Environment

Watch as Florence blossoms from a tropical storm to a hurricane that now poses life-threatening impacts

ImaGeo iconImaGeoBy Tom YulsmanSep 10, 2018 2:12 PM

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An animation of amazingly detailed satellite imagery shows Florence strengthening and heading toward the U.S. East Coast

An animation of GOES-16 weather satellite imagery shows Florence strengthening from a tropical storm into a Category 1 hurricane at 15 UTC on Sunday, September 9, 2018. (Source: CIMSS Satellite Blog) After blossoming into a hurricane yesterday, Florence strengthened further overnight into a Category 3 storm this morning with maximum sustained winds of 115 miles per hour. Feasting off the energy from unusually strong sea surface temperatures, Hurricane Florence is intensifying quickly and tracking inexorably toward landfall along the U.S. Southeast or Mid-Atlantic coast on Thursday. As the National Hurricane Center put it this morning:

Florence will be traversing very warm SSTs of around 29C and remain within a very favorable upper-level environment during the next couple of days. These conditions are expected to lead to significant strengthening during the next 12 to 24 hours, and Florence is forecast to be a very powerful major hurricane on its approach to the southeastern United States.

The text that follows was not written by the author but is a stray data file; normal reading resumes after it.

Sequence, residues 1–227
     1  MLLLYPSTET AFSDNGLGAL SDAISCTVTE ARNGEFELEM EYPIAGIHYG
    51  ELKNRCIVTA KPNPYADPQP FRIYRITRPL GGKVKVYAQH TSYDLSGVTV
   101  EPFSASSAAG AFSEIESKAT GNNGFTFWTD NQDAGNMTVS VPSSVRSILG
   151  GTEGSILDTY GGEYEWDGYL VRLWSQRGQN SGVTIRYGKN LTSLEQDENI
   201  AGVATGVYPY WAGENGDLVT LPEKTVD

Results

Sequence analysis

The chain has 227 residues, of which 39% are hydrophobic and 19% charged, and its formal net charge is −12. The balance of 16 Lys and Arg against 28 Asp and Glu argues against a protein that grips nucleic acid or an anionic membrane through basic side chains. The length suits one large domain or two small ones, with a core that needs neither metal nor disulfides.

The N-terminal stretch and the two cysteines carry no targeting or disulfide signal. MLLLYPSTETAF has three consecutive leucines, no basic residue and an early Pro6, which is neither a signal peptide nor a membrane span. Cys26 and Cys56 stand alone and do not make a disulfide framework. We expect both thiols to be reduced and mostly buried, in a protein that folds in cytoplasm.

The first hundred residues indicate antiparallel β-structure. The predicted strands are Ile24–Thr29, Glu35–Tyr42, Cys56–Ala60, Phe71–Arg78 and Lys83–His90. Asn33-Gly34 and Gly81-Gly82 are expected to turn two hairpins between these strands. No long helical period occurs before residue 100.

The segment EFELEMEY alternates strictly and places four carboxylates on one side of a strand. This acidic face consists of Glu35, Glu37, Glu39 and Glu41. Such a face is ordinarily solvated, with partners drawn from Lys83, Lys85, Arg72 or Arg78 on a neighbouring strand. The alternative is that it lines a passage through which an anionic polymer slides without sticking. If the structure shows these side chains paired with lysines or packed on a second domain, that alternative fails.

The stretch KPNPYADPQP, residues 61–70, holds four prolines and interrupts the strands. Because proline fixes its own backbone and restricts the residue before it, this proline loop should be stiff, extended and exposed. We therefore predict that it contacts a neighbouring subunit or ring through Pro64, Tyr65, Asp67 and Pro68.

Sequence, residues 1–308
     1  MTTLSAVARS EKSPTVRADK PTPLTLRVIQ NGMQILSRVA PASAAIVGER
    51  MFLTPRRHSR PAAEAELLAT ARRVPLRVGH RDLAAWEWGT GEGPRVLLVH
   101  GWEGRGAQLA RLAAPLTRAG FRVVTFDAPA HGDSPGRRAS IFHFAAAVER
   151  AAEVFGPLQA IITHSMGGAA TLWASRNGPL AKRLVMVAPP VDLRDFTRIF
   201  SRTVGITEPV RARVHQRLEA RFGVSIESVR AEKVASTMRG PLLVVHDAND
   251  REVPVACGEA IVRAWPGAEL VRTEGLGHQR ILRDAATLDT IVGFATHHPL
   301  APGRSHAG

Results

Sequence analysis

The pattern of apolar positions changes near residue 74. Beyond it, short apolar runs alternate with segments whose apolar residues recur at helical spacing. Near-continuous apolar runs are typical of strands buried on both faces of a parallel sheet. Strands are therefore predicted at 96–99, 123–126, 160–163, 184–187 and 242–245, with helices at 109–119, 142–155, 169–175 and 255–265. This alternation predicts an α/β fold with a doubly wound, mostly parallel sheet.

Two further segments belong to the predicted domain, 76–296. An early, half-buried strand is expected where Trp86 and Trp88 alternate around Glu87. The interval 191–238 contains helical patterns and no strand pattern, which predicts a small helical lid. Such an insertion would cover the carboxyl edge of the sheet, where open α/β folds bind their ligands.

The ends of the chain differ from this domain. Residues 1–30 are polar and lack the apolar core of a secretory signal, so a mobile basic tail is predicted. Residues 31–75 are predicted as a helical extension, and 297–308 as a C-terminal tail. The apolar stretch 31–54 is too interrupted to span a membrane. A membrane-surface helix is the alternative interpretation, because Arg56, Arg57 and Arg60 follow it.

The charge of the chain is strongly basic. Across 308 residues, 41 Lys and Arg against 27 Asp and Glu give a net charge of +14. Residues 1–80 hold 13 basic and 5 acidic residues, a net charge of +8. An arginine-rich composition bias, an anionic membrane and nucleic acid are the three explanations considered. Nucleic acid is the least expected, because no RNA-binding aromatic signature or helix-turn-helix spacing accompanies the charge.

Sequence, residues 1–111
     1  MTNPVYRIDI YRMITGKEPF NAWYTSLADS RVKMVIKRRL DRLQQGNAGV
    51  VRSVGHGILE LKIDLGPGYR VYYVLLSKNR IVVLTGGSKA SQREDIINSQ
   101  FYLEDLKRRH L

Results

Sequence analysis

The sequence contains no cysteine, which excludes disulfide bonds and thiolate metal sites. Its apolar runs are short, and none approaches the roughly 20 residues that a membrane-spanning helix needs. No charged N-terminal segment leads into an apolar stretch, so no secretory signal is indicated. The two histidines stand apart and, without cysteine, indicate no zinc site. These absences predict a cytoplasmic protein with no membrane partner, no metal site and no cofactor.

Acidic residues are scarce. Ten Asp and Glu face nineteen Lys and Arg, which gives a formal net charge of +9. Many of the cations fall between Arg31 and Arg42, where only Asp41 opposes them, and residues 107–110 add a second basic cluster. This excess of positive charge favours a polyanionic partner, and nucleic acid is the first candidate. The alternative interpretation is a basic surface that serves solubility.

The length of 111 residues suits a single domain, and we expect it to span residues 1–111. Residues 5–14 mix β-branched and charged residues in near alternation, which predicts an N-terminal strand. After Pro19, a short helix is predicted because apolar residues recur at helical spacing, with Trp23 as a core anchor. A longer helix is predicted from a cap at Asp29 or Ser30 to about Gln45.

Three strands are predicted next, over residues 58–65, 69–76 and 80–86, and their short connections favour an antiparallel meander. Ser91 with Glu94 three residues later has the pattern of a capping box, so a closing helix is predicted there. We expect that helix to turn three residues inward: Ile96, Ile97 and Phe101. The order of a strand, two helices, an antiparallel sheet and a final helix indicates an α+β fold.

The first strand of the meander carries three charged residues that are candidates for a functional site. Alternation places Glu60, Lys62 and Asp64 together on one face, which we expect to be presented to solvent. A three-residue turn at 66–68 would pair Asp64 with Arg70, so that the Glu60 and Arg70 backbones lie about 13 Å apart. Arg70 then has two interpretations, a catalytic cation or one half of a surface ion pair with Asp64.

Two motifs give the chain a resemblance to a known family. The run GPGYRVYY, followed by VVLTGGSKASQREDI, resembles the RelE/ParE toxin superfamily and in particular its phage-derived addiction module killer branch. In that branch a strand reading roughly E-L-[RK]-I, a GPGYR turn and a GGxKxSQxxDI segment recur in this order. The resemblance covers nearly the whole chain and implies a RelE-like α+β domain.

The animation above, consisting of high-resolution images captured every minute by the GOES-16 weather satellite, shows Florence as it strengthened yesterday from a tropical storm into a Category 1 hurricane. The animation comes from the Cooperative Institute for Meteorological Satellite Studies. "An eye structure appeared for brief intervals during the day, but was often masked by cloud debris from a series of convective bursts within the surrounding eyewall," according to Scott Bachmeier in a post at the CIMSS Satellite Blog. https://twitter.com/philklotzbach/status/1038903105419587584 If you live along the U.S. coast from the Southeast to the Mid-Atlantic, you need to prepare for what increasingly looks like a worst case scenario: landfall of a Category 3 or even 4 hurricane. There is the added possibility that the storm will slow after landfall, bringing sustained torrential rainfall and the potential for catastrophic flooding. I'll have more on Florence later today.

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